An operating system manages and controls the operation of hardware system 200, including the input and output of data to and from software applications (not shown). The operating system provides an interface between the software applications being executed on the system and the hardware components of the system. According to one embodiment of the present invention, the operating system is the Linux operating system. However, the present invention may be used with other suitable operating systems, such as the Windows® 95/98/NT/XP/Vista operating system, available from Microsoft Corporation of Redmond, Wash., the Apple Macintosh Operating System, available from Apple Computer Inc. of Cupertino, Calif., UNIX operating systems, and the like.

C. WAFS Disconnected-Mode Read-Write Access

In particular implementations, a WAN connection state machine may maintain indications in an appliance map file characterizing the connectivity to a remote file server appliance corresponding to a file space including a set of files and folders accessed by workstations 16. Portions of the claimed embodiments operate on an appliance map file when a connection between a network device, such as EFG 102, and a remote file server appliance, such as remote file server appliance 36, is lost. The appliance map file “maps” file objects contained in a cache of the network device to the remote file server appliance. Specifically, the network device has a separate appliance map file corresponding to each remote file server appliance that it is connected to it at any one time. Due to this, a network device may be in various, different states in relation specific remote file server appliances.

A WAN connection state machine can be implemented in the network device and is operative to detect a current state of the network device, transition the network device to a next state and detect changes to the status of the WAN connection to the remote file server appliance. In one implementation, the WAN connection state machine defines four states which are illustrated in FIG. 6.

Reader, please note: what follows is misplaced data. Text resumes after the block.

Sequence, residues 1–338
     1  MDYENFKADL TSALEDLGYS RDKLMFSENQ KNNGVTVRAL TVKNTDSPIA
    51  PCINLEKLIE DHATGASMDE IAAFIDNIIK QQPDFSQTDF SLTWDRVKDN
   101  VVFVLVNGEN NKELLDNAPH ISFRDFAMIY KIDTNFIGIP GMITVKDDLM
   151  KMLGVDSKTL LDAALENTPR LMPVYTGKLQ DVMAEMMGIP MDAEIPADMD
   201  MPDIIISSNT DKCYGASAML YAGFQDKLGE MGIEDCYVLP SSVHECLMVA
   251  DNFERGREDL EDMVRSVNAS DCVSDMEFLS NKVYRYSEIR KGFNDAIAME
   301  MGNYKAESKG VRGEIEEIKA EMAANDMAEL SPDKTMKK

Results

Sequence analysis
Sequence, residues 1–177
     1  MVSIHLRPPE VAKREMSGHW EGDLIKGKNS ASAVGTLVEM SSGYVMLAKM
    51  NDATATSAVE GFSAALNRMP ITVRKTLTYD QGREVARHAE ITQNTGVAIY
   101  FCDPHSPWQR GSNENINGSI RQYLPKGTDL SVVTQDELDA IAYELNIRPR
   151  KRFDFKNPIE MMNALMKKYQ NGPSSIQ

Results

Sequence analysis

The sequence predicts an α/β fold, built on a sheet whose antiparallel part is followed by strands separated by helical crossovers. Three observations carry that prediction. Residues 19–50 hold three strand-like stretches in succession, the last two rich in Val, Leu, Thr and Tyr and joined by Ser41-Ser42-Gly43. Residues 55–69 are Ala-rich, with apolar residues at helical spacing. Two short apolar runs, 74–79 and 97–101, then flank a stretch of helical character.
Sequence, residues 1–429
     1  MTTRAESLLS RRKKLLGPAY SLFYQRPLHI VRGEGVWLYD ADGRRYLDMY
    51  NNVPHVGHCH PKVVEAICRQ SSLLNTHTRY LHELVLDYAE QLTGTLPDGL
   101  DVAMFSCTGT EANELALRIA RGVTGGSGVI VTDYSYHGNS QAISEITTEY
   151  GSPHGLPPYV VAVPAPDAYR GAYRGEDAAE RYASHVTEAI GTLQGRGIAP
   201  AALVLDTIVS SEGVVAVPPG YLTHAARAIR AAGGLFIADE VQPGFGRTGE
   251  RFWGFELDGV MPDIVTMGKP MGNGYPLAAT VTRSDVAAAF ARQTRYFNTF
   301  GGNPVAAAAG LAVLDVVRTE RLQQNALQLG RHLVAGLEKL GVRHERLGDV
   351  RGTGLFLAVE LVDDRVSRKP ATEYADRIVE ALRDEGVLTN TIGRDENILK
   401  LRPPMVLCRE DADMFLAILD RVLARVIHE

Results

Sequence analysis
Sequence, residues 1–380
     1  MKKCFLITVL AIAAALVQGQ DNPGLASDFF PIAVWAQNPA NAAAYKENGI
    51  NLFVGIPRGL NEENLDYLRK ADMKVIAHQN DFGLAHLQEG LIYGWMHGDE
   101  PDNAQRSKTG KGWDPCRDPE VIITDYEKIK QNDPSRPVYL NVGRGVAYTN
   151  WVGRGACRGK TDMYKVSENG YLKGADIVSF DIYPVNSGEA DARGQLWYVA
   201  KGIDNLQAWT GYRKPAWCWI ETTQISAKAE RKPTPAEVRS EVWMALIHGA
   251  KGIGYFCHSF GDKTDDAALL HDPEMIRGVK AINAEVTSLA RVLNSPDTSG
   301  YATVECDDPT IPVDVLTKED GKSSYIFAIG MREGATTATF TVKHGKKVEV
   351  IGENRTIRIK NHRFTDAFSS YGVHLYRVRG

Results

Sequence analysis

The network device is in a connected state 600 when the WAN connection to the remote file server appliance is established and has not experienced any disruptions. In one implementation, the WAN connection state machine monitors for activity with one or more remote file server appliances. In particular implementations, the EFG appliance may also include a pinger module operative to probe remote file server appliances to synthetically generate activity that is monitored, when there are no file commands or other operations transmitted across the network. For example, a disruption can be detected by using a pinger to send out RPCs at a steady rate. A certain number of consecutively-dropped RPCs may indicate a disruption to the connection. When a disruption is detected, the WAN connection state machine may wait for a first period of time to see if the connection to the remote file server appliance is restored. If the connection is restored within the first period of time, then the network device remains in the connected state 600. Otherwise, the WAN connection state machine transitions the network device to a disrupted state 602.

When the disrupted state 602 is entered, the WAN connection state machine may monitor the connection status for a second period of time. If the connection is re-established, the WAN connection state machine transitions the network device back to the connected state 600. Otherwise, the WAN connection state machine transitions the network device to a disconnected state 604 after the second time period expires. While in the disrupted state 602, the network device re-tries failed requests to the remote file server appliance upon failure.